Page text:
• The competition between Ziegfeld and Billings might not have been just reserved to a simple glare across theatre boxes -- there might have been more physical action and coarser language in this segment.

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1.    Do you agree that the clip exhibits a brighter perspective of life than might be realistic? Why or why not? 

Yes, I agree that the clip exhibits a brighter perspective.  During the depression I doubt that most people were going to the theatre or dropping 5 pound notes to the doorman.

2.    What themes or approaches might you anticipate from this clip in other Depression era musicals?

I believe the theme might be about power.  Who has it, how can they keep it.

3.    Since this is a musical that was made after the motion picture code was enforced, how might you imagine it might have been filmed or scripted differently if it had been pre-code? Give specific examples.

This one is a tough one. I'm not sure.

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1. As with most Depression Era Musicals or movies, they were made to lift everyone's spirits so for an hour or so they could be entertained and not think of their reality, and enjoy a finer and lighter life even though it was on screen. Both my parents, born in 1917, lived through the Depression.

2. The flirtation of women to men to get what they want is a theme that plays throughout most of the Depression Era musicals and movies; and well into the 1940's. Usually the talented young waif comes from a poor family, out of town somewhere in ole USA, just dying to make it big in NYC. She meets a nice young guy, (or a scoundrel, no wait, that's the 40s) that introduces her to the guy running the show, he gives her a break, she's either in the chorus or an understudy, and ends up a star. We fade out thinking she'll be a star forever, or she'll marry the nice young guy, have kids, picket fence and live happily after ever. 

3. If this were pre-code, we'd have more back-stage scenes with low-cut tops, although smaller breasts than the 50's, undies as in short "bloomers, camisoles, etc. stockings, heels. More kissing near couches or, OMG beds. Images or scenes that led us to believe (always implied, which is sexier sometimes), that unmarried men and women may have spent the night together, or even have lived together. None of that after 1934!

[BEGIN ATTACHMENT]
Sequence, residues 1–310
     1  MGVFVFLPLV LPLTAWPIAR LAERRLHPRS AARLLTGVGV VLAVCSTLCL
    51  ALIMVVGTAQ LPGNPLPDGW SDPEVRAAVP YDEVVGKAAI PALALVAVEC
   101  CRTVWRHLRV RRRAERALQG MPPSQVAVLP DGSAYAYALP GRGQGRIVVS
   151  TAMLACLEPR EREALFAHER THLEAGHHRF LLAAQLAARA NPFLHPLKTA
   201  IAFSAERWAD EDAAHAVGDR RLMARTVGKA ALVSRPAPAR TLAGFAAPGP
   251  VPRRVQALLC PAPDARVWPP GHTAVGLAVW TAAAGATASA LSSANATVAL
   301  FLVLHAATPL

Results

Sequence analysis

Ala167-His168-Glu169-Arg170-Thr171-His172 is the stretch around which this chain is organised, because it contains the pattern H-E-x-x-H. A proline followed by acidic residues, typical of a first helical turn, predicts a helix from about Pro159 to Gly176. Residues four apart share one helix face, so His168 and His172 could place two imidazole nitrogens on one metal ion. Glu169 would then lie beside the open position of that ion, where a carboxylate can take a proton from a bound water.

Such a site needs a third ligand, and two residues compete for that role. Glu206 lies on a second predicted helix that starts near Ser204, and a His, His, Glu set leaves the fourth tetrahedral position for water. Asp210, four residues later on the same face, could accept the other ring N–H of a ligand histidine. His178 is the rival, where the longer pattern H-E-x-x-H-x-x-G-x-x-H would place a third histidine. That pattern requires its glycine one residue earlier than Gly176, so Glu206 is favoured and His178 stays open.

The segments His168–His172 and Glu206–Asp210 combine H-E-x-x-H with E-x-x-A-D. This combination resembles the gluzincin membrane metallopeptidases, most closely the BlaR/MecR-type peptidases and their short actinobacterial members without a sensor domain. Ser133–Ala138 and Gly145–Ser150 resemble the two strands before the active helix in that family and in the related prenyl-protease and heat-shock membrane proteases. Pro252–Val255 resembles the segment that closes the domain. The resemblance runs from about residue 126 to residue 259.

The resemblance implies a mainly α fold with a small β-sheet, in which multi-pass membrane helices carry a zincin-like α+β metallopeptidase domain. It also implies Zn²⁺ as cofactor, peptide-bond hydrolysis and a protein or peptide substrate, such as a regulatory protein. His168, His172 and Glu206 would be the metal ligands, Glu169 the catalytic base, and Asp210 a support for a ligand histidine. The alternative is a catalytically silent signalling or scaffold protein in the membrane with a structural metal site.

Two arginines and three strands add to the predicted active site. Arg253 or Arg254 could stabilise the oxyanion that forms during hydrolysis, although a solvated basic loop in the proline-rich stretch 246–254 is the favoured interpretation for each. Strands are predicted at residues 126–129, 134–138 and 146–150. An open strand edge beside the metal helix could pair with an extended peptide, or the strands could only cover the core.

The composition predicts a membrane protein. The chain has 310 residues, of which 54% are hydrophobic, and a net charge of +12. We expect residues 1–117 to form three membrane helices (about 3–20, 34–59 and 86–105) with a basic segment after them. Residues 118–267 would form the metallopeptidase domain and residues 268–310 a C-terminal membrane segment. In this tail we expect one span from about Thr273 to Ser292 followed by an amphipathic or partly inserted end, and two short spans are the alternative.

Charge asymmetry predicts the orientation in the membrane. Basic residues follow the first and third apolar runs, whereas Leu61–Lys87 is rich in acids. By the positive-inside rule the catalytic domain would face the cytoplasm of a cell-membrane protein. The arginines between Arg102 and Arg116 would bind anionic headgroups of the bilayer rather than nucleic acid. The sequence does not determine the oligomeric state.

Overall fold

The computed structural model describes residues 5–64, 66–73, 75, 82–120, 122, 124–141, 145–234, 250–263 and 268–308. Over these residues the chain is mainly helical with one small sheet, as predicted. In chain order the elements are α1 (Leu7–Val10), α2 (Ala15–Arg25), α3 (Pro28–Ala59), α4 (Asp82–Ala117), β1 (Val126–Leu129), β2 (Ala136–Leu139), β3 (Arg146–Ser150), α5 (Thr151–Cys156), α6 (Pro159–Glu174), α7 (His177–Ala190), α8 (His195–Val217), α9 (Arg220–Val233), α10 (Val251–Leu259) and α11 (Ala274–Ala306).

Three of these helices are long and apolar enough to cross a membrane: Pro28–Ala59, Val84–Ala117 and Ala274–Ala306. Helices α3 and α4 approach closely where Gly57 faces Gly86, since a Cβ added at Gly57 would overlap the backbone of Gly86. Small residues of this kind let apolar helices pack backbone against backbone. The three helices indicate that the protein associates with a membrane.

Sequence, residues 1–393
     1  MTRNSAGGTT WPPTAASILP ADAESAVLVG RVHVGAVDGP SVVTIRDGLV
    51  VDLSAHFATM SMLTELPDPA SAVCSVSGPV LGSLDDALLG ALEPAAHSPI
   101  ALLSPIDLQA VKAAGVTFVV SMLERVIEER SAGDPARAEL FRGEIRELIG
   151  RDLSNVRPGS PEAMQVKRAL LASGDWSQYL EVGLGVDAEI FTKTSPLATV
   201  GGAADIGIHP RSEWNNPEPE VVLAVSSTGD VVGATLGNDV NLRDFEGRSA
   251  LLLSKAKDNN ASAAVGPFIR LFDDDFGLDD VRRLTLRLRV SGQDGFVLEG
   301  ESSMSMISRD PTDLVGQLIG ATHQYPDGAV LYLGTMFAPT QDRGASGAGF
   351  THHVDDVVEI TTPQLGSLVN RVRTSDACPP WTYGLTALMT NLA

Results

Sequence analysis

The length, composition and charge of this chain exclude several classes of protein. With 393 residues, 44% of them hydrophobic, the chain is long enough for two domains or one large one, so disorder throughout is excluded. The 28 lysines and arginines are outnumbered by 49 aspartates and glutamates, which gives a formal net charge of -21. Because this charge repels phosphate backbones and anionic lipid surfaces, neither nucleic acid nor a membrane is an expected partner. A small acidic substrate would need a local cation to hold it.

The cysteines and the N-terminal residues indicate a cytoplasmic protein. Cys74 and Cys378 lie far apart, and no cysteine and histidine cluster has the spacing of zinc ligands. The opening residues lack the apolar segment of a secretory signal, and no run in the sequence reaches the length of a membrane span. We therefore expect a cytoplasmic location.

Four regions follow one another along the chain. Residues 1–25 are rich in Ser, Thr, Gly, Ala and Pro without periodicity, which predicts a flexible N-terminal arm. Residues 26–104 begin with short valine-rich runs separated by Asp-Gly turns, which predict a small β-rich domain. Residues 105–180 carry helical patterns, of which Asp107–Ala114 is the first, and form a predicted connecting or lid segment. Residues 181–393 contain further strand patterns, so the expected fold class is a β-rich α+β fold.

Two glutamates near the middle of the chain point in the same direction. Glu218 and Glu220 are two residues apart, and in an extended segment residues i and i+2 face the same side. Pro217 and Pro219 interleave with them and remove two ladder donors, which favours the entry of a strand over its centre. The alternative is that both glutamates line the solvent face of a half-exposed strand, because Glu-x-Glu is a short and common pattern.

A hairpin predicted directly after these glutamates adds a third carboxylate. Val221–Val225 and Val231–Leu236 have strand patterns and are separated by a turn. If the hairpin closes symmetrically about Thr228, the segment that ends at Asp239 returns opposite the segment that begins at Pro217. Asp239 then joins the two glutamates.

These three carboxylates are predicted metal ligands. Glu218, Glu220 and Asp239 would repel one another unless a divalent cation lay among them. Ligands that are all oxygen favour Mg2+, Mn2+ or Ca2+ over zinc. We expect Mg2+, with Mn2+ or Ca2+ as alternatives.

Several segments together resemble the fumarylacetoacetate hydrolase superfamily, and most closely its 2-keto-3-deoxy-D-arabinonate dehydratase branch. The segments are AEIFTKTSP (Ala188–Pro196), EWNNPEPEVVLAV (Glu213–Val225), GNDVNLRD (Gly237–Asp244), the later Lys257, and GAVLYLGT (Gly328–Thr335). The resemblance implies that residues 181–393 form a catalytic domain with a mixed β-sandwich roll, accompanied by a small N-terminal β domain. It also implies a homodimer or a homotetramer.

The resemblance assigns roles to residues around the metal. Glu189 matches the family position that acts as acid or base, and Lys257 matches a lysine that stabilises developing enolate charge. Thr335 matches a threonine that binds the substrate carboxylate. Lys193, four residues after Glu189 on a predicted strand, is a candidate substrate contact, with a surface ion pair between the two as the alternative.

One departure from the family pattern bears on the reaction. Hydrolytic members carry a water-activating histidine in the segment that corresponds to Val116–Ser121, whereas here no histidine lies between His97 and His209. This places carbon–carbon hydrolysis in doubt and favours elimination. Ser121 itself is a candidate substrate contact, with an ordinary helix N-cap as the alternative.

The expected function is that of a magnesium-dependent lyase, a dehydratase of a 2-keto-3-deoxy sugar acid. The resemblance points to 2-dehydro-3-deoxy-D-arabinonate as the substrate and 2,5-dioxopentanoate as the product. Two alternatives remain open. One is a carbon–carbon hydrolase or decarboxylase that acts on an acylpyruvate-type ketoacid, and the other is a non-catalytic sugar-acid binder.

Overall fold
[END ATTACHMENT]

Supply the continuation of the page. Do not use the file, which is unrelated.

Note: Even though Louise Rainier is fantastic, the overacting of this era is almost comedic. Also, William Powell in my eyes, can do no wrong no matter what character he plays! 

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These escapist and softening features of musicals and almost all Hollywood cinema of this period continued through the 1960s when Italian neorealism and the French Novelle Vague would influence Hollywood filmmakers to break the tradition of classical narrative and pursue more complicated and heavy themes. That is why after the 60's the musicals lose popularity and also become. But escapism will always be inherent in this genre, as la la land recently proved.

 

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Utterly gorgeous, pure escapism!

Light-hearted, but with a heart of gold, look at the lives of the wealthy who can afford to drop pound-notes or dollars, purchasing frivolities like flowers..

Ms. Rainer captures the innocence of the pot-code era, but, had this been filmed before, the costumes would have been more daring, more flesh would have been on view in the dressing room and the lilting song would have been played a little more risque...

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1.  Do you agree that the clip exhibits a brighter perspective of life than might be realistic?  Why or why not?

I do agree that the clip exhibits a brighter perspective of life than might be realistic.  When you are in the midst of the Depression, why on Earth would you want to go see a movie that is realistic.  People largely went to the movies then, and now, to escape.  We want to feel better, to be happy.  If a movie can divert us from our problems for even a brief period of time, that is wonderful!!  In addition, per my understanding, the movie generally white-washed Ziegfield's womanizing.  To have focused on that would have entirely changed the tone of the movie and taken away from the fact that Ziegfield was the showman that he was.  Finally, I think that one of the most interesting parts of the clip from "The Great Zigfield" is when Ziegfield slips the man outside 5 pounds, a great amount of money at that time, for information.  This only underscores Ziegfield's wealth.  The incorporation of the joke (to paraphrase, "Why did you give me 5 pounds, Sir? Z:  Because I wanted to lose some weight.") makes light of what might have triggered an intense audience reaction.  How many people would have given their eye teeth for 5 pounds at that time to have food on the table.  It seems a bit frivolous to pay someone that much just for information about an actress -- thus, the necessity for the interjection of humor.